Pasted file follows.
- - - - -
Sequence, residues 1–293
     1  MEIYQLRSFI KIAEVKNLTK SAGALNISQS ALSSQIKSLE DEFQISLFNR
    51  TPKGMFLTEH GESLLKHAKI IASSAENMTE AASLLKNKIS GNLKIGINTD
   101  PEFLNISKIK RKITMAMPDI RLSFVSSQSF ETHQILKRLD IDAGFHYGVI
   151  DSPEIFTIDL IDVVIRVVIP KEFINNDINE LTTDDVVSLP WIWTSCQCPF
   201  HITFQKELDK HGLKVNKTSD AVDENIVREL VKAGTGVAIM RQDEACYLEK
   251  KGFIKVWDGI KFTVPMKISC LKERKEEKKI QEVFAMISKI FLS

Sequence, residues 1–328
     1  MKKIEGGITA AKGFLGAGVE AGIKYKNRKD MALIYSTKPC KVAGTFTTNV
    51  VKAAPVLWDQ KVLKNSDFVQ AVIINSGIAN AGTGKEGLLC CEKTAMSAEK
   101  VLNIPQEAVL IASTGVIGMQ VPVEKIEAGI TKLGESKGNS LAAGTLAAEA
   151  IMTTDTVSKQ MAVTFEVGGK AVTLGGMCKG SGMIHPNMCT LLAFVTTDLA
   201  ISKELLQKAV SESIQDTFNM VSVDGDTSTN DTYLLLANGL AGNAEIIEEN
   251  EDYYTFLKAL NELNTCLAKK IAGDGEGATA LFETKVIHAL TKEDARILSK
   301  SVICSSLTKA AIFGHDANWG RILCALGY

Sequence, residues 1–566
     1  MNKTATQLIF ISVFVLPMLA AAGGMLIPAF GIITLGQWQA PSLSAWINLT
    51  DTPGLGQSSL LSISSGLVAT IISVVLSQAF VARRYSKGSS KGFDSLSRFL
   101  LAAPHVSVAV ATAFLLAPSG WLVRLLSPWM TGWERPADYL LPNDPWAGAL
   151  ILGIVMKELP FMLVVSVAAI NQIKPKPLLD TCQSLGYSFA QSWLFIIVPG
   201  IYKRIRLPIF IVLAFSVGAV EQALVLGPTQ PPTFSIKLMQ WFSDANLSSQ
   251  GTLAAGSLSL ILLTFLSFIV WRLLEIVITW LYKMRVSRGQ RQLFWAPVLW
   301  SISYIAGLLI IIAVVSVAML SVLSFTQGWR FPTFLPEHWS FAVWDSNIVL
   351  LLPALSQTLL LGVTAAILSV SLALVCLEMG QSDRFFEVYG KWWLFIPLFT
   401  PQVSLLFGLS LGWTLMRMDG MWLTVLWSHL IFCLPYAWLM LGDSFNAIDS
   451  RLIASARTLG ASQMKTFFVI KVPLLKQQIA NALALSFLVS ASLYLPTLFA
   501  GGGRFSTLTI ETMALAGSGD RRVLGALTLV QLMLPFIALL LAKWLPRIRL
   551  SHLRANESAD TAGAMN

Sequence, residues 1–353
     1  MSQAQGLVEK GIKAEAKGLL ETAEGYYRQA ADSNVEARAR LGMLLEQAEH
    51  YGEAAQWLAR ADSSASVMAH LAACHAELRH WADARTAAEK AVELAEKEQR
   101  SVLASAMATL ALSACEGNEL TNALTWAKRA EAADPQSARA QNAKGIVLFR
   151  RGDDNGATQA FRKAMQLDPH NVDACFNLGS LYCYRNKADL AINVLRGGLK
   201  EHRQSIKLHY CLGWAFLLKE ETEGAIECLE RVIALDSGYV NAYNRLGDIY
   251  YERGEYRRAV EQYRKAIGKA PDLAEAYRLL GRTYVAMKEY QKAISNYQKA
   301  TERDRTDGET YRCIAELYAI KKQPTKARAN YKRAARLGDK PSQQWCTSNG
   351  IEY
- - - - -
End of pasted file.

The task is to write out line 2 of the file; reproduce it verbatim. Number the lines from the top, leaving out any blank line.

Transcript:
     1  MEIYQLRSFI KIAEVKNLTK SAGALNISQS ALSSQIKSLE DEFQISLFNR